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I have a sign in my kitchen. It says: “You are entitled to food, clothing, shelter, and medical attention. Anything else that you get is a privilege.” I got it in the gift store at Alcatraz after a particularly long day during which my two children seemed to be complaining incessantly – about their food choices, the amount of walking we had to do and, most frequently, about each other. “Why,” my son wanted to know, “do we have to stop in all the stores she likes”? “Mo-om,” moaned my daughter, “tell him he can’t do that!” Cries of injustice rose again and again as each suggested that the other was getting some kind of advantage. I was not, they told me, being fair.
They are, of course, not the only ones who decry the unfairness of the world. Although some psychologists think that “fairness” is an advanced human construct, I think that the desire for justice is an extremely basic one. You tell your two year-old that he needs to give up the bigger cookie to his cousin because she’s a guest and I guarantee you will get a loud chorus of, “But that’s not FAIR!” And the desire for fairness is not limited to children. I’m sure that every person in this room has at least one story of being passed over for a promotion that we felt we deserved, or being blamed for something we didn’t do, or seeing something we love end up in the hands of someone we think is unworthy of it. Our desperate longing for fairness shows up regularly in our conversations about schools, sports, public policy, and yes, religion.
But what do we really mean when we say we want things to be fair? For some of us, “fairness” is about making sure that everyone is equal – leveling the playing field. For others, it’s about treating all people the same, without regard to their innate human differences. But for many people, especially in this country, fairness is about making sure everyone gets what they deserve. Or, as Sally Brown puts it in “The Charlie Brown Christmas Special,” “All I want is what I have coming to me. All I want is my fair share.” For better or worse, we live in a political system in which earning what you have is highly valued – where even a billionaire who has lived a life of incomparable privilege feels it necessary to describe himself as a self-made person.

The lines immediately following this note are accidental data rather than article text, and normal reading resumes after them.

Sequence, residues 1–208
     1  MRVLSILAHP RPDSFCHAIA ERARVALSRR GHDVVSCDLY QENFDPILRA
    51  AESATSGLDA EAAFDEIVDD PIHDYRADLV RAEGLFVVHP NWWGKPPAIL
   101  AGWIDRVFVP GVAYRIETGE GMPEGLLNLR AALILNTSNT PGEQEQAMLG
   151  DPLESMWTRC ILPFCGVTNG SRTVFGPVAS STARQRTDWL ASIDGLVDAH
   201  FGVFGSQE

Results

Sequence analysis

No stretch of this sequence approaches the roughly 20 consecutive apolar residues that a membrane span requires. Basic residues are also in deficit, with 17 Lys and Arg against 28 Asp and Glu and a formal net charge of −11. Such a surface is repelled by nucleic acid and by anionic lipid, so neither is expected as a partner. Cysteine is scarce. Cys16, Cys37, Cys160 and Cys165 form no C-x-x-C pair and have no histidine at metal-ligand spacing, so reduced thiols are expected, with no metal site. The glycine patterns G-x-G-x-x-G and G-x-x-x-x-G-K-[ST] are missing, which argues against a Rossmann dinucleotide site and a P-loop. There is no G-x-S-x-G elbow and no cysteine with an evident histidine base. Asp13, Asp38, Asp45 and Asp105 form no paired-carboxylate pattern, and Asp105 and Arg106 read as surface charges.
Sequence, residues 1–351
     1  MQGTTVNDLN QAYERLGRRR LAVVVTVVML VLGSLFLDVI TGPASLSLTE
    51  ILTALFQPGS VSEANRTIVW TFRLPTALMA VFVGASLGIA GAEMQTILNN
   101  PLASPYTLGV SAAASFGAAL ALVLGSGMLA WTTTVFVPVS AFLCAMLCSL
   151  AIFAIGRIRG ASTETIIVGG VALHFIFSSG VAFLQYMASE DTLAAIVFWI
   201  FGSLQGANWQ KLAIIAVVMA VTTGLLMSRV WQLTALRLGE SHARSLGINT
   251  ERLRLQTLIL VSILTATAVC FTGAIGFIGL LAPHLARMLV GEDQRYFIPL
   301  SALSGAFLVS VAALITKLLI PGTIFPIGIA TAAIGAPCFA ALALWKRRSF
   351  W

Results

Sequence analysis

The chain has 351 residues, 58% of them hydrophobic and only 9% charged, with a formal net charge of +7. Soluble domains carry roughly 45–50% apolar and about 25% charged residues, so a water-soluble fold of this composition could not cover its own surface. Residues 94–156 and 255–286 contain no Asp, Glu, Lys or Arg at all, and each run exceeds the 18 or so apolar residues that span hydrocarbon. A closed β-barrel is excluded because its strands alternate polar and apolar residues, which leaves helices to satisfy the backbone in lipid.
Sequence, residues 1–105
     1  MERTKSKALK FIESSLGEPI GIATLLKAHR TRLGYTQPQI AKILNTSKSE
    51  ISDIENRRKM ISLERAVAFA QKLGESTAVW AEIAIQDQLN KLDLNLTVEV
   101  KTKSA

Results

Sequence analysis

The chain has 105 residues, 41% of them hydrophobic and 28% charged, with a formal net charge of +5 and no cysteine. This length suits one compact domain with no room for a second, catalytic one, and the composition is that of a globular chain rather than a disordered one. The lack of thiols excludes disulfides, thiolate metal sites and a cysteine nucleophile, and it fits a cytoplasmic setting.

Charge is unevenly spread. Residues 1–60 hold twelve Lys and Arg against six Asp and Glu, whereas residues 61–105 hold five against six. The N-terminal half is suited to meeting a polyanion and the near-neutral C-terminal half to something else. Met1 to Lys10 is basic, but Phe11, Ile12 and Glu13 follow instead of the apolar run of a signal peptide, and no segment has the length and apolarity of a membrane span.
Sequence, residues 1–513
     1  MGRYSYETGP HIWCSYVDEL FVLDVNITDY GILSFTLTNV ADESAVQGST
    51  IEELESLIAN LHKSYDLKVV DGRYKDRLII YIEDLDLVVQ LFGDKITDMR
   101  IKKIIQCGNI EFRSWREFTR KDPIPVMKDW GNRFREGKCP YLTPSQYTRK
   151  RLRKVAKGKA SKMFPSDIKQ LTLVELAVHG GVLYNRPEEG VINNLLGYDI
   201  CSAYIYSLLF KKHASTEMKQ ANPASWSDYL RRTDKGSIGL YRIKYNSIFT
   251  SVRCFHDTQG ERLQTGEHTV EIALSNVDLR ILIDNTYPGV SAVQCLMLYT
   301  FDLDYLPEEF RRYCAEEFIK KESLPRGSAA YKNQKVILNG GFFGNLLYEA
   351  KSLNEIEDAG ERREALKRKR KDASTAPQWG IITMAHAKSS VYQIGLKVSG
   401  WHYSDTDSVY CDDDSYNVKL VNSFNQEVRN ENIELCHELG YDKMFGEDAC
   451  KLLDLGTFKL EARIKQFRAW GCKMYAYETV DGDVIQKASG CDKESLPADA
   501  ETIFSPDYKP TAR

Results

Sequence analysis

The Apostle Paul was certainly a hard-working Christian. Most of his letters contain at least some references to the hardships he endured in his efforts to spread the gospel. Today’s reading from Timothy – which was probably not written by Paul – places the apostle in chains, having once again been imprisoned for his faith. According to the writer, Paul is able to endure his suffering because he knows it will lead others to salvation through Jesus Christ. He is “approved by God, a worker who has no need to be ashamed” – an example of one who is willing to die for Christ in order to live with him, who, by enduring, will reign with him. It seems like Paul has definitely earned his salvation.
This idea, that the Bible tells us that salvation can be earned, is very dangerous. It can be blamed at least in part for both the sense of entitlement that leads to religious intolerance and the unhealthy glorification of suffering. Throughout history, the Christian precepts of hard work and sacrifice have been taken to dangerous extremes by those hoping to earn salvation through acts of self-abasement. The notion that suffering is beautiful and holy has also created the myth of the “blessed” poor, whose anguish in this world will be offset by glory in the next – a view that some Christians have used to excuse themselves from helping those in need.